Check your attic to pay for your next army

Sep 12th, 2008 | By | Category: Waffle and Wanderings

extremely rare diary from World War 1 up for saleIt’s strange the things people will collect, and stranger still the money they’ll pay for it.

Diary and Scrapbook of an Infantryman in Europe.1917 – 1919 by Private James Allen, is currently on offer on  book sales site AbeBooks.  The asking price is a staggering US $6,328 for the 8.25″ x 5″ x 1.25″ black buckram covered c.25-page diary.  Apparently it is neatly written in ink, interspersed with his identity tags and kilt material sample, photographs, postcards, newspaper clippings, and titled drawings by Pte Allan in ink or pencil, with colour by crayon or watercolour.

It contains some fascinating insights into life in the World War 1 trenches, as these excerpts from the description state –

At the Battle of Metern, “Explosion in trench 50 yds off gets wind up the section, another trench in front 20yds off goes up, section for evacuating trench, one against proposal. German snipers deadly. Trench good target for snipers. Three stragglers arrive. Take shelter in the wheat sheaves 5 yds in front of trench. One shot through the head. Another in the knee, third man rushes for the trench and falls dead head first into trench”.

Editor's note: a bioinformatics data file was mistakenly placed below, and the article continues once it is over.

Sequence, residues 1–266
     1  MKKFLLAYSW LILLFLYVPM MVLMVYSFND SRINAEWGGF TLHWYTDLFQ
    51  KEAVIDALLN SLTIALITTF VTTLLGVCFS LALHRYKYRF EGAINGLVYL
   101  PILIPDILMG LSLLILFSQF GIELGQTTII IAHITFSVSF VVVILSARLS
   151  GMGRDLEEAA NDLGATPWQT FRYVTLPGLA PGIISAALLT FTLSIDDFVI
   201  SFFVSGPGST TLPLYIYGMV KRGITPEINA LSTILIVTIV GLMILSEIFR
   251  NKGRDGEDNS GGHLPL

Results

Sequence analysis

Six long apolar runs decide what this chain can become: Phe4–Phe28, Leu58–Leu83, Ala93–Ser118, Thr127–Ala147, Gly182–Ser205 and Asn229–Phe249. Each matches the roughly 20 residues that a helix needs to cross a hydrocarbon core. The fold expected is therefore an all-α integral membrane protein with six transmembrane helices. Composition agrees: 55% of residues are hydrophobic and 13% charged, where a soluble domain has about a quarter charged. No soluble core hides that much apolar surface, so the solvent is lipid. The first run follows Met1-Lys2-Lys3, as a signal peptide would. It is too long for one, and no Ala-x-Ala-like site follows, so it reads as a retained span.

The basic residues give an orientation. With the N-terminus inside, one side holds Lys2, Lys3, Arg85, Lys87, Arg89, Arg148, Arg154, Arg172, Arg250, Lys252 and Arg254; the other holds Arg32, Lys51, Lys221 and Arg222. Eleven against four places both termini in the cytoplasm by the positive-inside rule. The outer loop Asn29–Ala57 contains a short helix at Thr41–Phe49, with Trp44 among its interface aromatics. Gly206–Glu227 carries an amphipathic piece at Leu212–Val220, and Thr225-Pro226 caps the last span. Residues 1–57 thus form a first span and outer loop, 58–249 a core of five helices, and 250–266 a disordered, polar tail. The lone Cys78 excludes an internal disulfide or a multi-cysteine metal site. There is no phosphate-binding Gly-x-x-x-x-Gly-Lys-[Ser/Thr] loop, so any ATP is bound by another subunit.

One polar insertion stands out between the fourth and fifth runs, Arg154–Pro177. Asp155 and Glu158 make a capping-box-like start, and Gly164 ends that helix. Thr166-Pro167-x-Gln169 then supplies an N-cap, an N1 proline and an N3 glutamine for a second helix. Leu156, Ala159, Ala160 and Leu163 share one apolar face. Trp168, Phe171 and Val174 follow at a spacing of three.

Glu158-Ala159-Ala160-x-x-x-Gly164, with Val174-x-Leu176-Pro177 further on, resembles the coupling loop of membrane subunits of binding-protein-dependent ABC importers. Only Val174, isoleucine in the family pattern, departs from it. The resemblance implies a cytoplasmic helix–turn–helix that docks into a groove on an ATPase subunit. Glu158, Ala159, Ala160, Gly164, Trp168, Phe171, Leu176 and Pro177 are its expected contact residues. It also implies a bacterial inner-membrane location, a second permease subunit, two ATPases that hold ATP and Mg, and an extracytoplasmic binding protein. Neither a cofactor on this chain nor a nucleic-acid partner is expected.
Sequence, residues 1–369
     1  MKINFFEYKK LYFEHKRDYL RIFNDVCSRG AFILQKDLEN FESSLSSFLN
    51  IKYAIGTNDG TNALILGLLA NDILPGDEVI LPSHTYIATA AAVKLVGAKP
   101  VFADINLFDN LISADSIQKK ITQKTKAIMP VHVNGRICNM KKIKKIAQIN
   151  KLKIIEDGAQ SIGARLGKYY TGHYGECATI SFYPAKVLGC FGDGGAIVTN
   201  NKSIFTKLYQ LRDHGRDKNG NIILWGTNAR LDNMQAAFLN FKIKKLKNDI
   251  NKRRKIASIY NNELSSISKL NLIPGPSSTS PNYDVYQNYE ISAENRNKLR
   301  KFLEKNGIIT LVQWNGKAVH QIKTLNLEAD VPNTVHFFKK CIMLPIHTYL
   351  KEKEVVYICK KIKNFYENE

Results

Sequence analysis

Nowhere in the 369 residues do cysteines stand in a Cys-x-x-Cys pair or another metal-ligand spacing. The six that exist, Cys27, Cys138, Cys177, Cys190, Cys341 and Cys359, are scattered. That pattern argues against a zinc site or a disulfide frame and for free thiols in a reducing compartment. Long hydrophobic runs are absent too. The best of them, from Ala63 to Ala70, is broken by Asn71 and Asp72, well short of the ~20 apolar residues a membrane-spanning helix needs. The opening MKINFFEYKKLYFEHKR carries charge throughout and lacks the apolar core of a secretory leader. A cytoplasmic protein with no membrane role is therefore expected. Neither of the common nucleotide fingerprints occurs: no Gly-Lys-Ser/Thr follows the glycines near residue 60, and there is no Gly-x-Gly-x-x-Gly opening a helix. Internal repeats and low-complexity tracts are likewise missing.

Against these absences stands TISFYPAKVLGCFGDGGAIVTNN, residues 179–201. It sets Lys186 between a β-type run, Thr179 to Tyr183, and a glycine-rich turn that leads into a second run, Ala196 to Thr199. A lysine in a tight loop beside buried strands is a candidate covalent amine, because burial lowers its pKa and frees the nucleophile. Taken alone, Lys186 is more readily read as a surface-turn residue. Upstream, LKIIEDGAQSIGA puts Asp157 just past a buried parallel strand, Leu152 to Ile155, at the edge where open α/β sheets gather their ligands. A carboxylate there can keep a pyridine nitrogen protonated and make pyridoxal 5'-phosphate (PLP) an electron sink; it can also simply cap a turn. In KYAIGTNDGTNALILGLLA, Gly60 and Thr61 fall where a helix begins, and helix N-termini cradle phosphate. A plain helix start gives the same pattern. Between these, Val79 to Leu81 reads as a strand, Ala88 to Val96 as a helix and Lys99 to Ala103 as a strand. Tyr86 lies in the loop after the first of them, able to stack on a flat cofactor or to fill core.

And at 1.30 pm the same day “A proposal to make tea, no objections. Men like Belgians advancing on the left, about 200 strong. Wind up in trench, everyman for himself. Tea boiling and upset, trench empty. Germans open fire on fugitives. Crawl through the wire. “ping” “ping”. Near things for the stragglers. Battlefield toll, hundreds lying dead, machine gun team all dead around gun, shells still bursting around vicinity. German post reached, narrow escape large piece of shrapnel misses head by inches”.

Travelling to Germany in December 1918. “Eventful journey slow train, rations chiefly hard biscuits. Troops desperate, hold up ration train at a stop station bread, jams & whisky. arrival in Germany roll call, 200 men missing out of 700 who made the journey. 16 dead (7 Black Watch).”

Recruited into the Fife and Forfar Yeomanry on 29 January 1917, he was transferred the 8th Battalion Black Watch on 15th October 1917 for overseas duties.  He was clearly in the thick of the action and recorded the awful events with factual, simple, affecting literate prose. He recorded several close shaves for himself and that his tribulations did not finish with the armistice, as Pte Allan was posted to Germany and suffered many privations there.  Against all odds he survived and was demobilised on April 22nd 1919.

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